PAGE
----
Costa Rica declares state of emergency following Russian-speaking criminal ‘cyber terrorism’ | Science & Tech News


Costa Rica has declared a national emergency due to an attack on government systems perpetrated by Russian-speaking cyber criminals.

President Rodrigo Chaves – an economist who was only just sworn into office on Sunday – signed an executive decree describing the attack of 18 April as an act of “cyber terrorism”.

The decree means a state of emergency is in effect across the country’s entire public sector, in what is believed to be a world first for a State response to a cyber attack.

The Conti ransomware gang has claimed to be behind the attack. It is seeking to extort millions from the government of Costa Rica by publishing stolen data online as well as rendering IT systems unusable across several ministries.

A post on the president’s Facebook page has confirmed the decree although a spokesperson for Costa Rica’s ministry for foreign affairs was unable to provide a comment to Sky News.

The US State Department cited the attack last Friday when it announced up to $15m in rewards for information about the key leadership of the gang.

It stated: “In offering this reward, the United States demonstrates its commitment to protecting potential ransomware victims around the world from exploitation by cyber criminals.

“We look to partner with nations willing to bring justice for those victims affected by ransomware,” the department added – potentially looking to distinguish itself from China, which has been accused of permitting cyber attacks, and with whom Costa Rica has developed close ties.

The State Department added the ransomware group “has been responsible for hundreds of ransomware incidents over the past two years” and that the FBI estimates it has made more than $150m from victim payouts.

But leaked internal chat logs suggest it could have received far more.

A view shows Red Square, the Kremlin's Spasskaya Tower and the St. Basil's Cathedral, after the city authorities announced a partial lockdown ordering residents to stay at home to prevent the spread of coronavirus disease (COVID-19), in central Moscow, Russia March 30, 2020. REUTERS/Shamil Zhumatov
Conti declared its ‘full support’ for the Russian government over the invasion of Ukraine. Pic: Reuters

Ukrainian cyber criminal turns against Russian colleagues

Shortly after Russia‘s invasion of Ukraine, the gang – which was behind the “catastrophic” attack on Ireland’s national health service – announced its “full support” for the Russian government.

The gang warned: “If anybody will decide to organise a cyber attack or any war activities against Russia, we are going to use […] all possible resources to strike back at the critical infrastructures of an enemy.”

While a later statement attempted to retract the criminal group’s explicit support for the Kremlin, clarifying it was “a response to Western warmongering”, the damage was done.

It significantly led to an apparently disgruntled Conti insider taking umbrage with their former colleagues’ support for the Russian invasion.

This insider leaked the group’s internal chat logs – providing a treasure trove to investigators – signing off their message with: “Glory to Ukraine!”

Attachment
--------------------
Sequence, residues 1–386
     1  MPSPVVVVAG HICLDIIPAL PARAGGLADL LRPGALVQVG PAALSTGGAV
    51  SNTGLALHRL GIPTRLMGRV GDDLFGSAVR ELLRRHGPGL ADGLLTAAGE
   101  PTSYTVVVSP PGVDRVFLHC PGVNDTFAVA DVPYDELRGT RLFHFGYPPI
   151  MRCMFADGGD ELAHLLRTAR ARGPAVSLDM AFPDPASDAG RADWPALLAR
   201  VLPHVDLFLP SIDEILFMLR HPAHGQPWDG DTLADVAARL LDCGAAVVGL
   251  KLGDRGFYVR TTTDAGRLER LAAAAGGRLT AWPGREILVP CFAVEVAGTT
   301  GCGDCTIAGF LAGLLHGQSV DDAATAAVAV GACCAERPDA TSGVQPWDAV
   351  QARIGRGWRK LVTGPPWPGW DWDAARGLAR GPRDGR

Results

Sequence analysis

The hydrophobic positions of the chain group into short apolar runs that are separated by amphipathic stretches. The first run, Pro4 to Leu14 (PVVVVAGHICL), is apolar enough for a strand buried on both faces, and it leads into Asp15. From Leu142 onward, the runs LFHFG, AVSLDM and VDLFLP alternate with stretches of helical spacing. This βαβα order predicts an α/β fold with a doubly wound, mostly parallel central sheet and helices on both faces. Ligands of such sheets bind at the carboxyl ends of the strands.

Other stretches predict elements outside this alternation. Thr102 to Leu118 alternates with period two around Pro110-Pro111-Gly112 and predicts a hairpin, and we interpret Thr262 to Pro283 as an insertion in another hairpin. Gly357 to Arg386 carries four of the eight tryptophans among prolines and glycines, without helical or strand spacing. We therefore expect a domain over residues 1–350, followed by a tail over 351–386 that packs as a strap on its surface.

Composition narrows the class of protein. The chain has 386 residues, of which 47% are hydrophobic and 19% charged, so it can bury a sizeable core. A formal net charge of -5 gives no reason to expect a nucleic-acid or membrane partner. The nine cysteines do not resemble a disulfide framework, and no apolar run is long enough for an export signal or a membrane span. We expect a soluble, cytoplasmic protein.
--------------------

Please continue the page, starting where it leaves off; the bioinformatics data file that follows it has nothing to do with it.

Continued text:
Among the cache of thousands of internal messages detailing the ransomware group’s activities were some suggesting the gang targeted Bellingcat researchers investigating the poisoning of Alexey Navalny, indicating to those researchers the criminals’ affiliation with the Russian security services.

The leaks also contained the gang’s cryptocurrency addresses which – by today’s cumulative valuation, certainly much higher than the value of these transactions at the time they occurred – show the gang has brought in more than $2.7bn in Bitcoin since 2017.

State of emergency needed?

Alexandra Paulus, a fellow for international cybersecurity policy at Berlin-based think tank Stiftung Neue Verantwortung (New Responsibility Foundation), told Sky News the attack compared to another on the German municipality of Anhalt-Bitterfeld.

It wasn’t the first municipality to be hit my ransomware but it was the most notable, Ms Paulus said, explaining that “municipal services were affected for weeks on end” forcing the authority to declare a state of disaster and call in the Bundeswehr, the German armed forces, to offer support.

Costa Rica’s state of national emergency is intended to “allow our society to respond to these attacks as criminal acts,” said President Chaves, although the country disbanded its military in 1948.

“When Anhalt-Bitterfeld declared a state of disaster, four days after becoming aware of the ransomware incident, they explained that this was due to the large scale of the incident and lack of clarity when municipal services would be resumed,” Ms Paulus said.

“Declaring a state of disaster was mostly a political decision that facilitated external communication to the public and other governmental entities that the municipality asked for support.

“It also facilitated hiring private IT service providers. In turn, when the municipality asked the Bundeswehr for support, it caused much debate in Germany, where many are sceptic of deploying the armed forces domestically. The soldiers supported the municipality in setting up new computers,” Ms Paulus added.

Costa Rica’s finance ministry was the first to report problems as a result of the attack and much of the country’s tax and social security systems are still not functioning.


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